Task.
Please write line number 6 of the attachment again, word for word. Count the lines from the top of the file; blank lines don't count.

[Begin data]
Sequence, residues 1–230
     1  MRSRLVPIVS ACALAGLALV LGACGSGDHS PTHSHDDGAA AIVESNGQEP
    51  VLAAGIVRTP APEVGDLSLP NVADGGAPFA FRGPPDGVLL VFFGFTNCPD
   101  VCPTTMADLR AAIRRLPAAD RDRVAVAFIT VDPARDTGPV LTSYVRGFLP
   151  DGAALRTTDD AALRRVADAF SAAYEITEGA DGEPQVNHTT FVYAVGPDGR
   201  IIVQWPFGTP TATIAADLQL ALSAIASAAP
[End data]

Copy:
   201  IIVQWPFGTP TATIAADLQL ALSAIASAAP